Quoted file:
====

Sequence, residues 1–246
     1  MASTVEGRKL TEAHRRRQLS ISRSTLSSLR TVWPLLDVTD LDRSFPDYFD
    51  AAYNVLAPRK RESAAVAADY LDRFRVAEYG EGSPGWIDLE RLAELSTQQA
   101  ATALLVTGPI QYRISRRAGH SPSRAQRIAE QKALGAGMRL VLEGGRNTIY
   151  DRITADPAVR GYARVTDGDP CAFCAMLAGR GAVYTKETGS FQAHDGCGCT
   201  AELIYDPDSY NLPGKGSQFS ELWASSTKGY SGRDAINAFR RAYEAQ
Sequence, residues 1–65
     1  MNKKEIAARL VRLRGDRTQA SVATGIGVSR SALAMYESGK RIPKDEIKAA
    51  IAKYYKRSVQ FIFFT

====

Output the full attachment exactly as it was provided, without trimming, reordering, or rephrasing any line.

Sequence, residues 1–246
     1  MASTVEGRKL TEAHRRRQLS ISRSTLSSLR TVWPLLDVTD LDRSFPDYFD
    51  AAYNVLAPRK RESAAVAADY LDRFRVAEYG EGSPGWIDLE RLAELSTQQA
   101  ATALLVTGPI QYRISRRAGH SPSRAQRIAE QKALGAGMRL VLEGGRNTIY
   151  DRITADPAVR GYARVTDGDP CAFCAMLAGR GAVYTKETGS FQAHDGCGCT
   201  AELIYDPDSY NLPGKGSQFS ELWASSTKGY SGRDAINAFR RAYEAQ
Sequence, residues 1–65
     1  MNKKEIAARL VRLRGDRTQA SVATGIGVSR SALAMYESGK RIPKDEIKAA
    51  IAKYYKRSVQ FIFFT